Recent teenage parolee Cody Culp returns to his anarchistic futuristic hood to find himself disgusted with his home life, alienated from his former gang(probably to his relief), and threatened by the school’s newest bullies: three robotic teachers, implemented by the government to restore discipline, only consolation being his budding romance with the principal’s daughter–perpetually gorgeous Tracy Lin. As always, whenever players take the material as seriously as these actors do, the potentially mediocre is propelled to a new level. The performance by vastly unappreciated and underused Bradley Gregg rivals that of the more experienced Ryan, Grier, and Kilpatrick(with McDowell typically good, but all too often idle).
I’ve always held that the reason there was and remains so much dissatisfaction with this movie is that too many people watched it with the wrong expectations. Preparing for some silliness and expecting some substandard effects is the starting point with one like this. Reason being: to get past the frequent implausibility is to put yourself in a position to recognize the uniqueness and innovation. Taking the deliberate cheese with a grain of salt, one can appreciate opportunities when it is earnest.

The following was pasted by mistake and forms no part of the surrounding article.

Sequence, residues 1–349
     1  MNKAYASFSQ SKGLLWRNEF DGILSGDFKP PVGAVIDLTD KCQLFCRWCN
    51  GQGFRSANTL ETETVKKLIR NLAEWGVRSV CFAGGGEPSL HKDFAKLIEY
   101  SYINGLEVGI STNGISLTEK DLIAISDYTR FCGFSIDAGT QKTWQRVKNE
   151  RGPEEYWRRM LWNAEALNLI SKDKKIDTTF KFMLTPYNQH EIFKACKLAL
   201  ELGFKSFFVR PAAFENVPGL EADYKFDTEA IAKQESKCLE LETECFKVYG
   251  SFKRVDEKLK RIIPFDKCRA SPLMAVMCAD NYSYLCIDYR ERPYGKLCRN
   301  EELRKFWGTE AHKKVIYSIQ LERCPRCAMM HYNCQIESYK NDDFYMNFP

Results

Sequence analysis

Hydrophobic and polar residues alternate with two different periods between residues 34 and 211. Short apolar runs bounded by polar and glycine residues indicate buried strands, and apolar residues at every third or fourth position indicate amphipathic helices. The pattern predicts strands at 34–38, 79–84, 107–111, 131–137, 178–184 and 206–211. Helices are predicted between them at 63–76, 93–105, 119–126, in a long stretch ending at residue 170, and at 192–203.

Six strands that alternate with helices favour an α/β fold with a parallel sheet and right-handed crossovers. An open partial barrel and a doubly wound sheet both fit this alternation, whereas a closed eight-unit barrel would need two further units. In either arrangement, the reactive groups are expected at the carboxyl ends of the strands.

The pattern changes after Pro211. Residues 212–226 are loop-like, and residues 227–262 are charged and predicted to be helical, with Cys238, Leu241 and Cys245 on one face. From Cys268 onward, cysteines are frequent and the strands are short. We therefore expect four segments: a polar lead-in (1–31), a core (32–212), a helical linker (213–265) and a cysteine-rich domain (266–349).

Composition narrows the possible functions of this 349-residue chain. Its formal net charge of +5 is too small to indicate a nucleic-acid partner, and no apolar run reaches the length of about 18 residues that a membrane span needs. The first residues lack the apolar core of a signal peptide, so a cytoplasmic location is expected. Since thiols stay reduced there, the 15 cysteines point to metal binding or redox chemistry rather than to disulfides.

If anything truly hurts this movie, it’s the boring pseudo-military battle scenes. They would have been wise to leave this stuff to the only films suited to do them properly–war films, but instead have introduced out-of-place time wasters in which neither side has evoked any sympathy anyway. That said, Class Of 1999 is still a shoulda-been camp classic not to be missed.